Proportions of patients achieving ACR20 and the mean swollen joint count at Week 24 in patients with RA who received Hulio® or reference adalimumab every other week.
The 95% CIs for the treatment difference (Hulio® – reference adalimumab: -7.6 to 5.0) fell within the prespecified ± 13% margins, demonstrating equivalence.
Equivalence between Hulio® and reference adalimumab was also demonstrated at Week 24 in the following outcomes:2,4
Disease Activity Score in 28 joints plus C-reactive protein level (DAS28-CRP): 3.43 on Hulio;® 3.42 on reference adalimumab
CRP concentration: 10.98 on Hulio;® 11.78 on reference adalimumab
Patient assessment of disease activity: 35.2 on Hulio;® 33.2 on reference adalimumab
Physician assessment of disease activity: 21.5 for both treatments
Patient pain assessment: 34.7 on Hulio;® 33.6 on reference adalimumab
Health Assessment Questionnaire Disability Index: 1.21 on Hulio;® 1.26 on reference adalimumab
Long-term results from the extension study show patients on Hulio® or reference adalimumab do similarly well, even when switching
These results indicate that switching patients from biologic to biosimilar adalimumab, or vice versa, maintains the clinical status of the patients.
Hulio:® proven safety profile in patients with RA
Hulio® and reference adalimumab were demonstrated to have similar safety profiles in the 24-week ARABESC study in patients with RA. The proportions of patients reporting treatment-emergent adverse events (TEAEs) were similar for Hulio® and reference adalimumab (see the table below), and AEs were mainly mild or moderate in severity in both treatment groups. The immunogenicity of Hulio® and reference adalimumab was similar. A summary of the safety profiles for the two adalimumab treatments is given in the table below. For full details of the Hulio® safety profile, please refer to the Summary of Product Characteristics (SmPC).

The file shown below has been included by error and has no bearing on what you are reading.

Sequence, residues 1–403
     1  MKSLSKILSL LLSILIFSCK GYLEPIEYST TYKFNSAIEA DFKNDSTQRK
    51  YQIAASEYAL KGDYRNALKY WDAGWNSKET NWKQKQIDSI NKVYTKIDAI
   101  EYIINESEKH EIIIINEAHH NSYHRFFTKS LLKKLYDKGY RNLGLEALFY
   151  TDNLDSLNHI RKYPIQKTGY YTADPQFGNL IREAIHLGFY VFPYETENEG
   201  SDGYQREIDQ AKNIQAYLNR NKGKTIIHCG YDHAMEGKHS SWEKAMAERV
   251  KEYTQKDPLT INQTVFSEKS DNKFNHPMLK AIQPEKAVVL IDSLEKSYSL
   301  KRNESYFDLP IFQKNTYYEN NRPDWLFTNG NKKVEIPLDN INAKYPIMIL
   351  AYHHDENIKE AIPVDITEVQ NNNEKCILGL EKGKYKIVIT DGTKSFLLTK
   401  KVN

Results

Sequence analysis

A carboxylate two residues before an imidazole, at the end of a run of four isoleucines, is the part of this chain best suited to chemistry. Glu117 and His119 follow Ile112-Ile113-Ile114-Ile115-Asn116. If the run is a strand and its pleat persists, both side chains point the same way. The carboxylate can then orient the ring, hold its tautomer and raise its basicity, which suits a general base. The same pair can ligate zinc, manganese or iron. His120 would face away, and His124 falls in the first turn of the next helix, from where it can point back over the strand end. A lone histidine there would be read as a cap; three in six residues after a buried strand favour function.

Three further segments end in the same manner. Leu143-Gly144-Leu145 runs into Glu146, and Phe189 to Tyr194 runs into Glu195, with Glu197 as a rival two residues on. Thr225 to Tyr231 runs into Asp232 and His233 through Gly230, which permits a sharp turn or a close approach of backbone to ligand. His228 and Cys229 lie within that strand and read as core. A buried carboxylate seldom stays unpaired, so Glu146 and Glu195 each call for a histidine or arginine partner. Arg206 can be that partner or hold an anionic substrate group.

Summary of Hulio® and reference adalimumab safety profiles from the 24-week ARABESC study in patients with RA.
Patients reporting TEAEs*
Most commonly# reported TEAEs: •Nasopharyngitis •Upper respiratory tract infection
Incidence of serious AEs
Patients reporting active TB
Patients with anti-drug antibodies at final sampling
*TEAEs: treatment-emergent adverse events. #Presenting in at 5% of the patient group.
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▼This medicine is subject to additional monitoring. This will allow quick identification of new safety information. It allows continued monitoring of the benefit/risk balance of the medicinal product. Healthcare providers are asked to report any suspected adverse reactions. Reporting forms and information can be found at www.mhra.gov.uk/yellowcard. In order to support effective tracking and traceability of biologics including biosimilars, it is recommended that the brand name and batch number are recorded and used when reporting adverse events.
Puri A, Niewiarowski A, Arai Y, Nomura H, Baird M, Dalrymple I, et al. Pharmacokinetics, safety, tolerability and immunogenicity of FKB327, a new biosimilar medicine of adalimumab, in healthy subjects. Br J Clin Pharmacol 2017; 83(7): 1405-1415.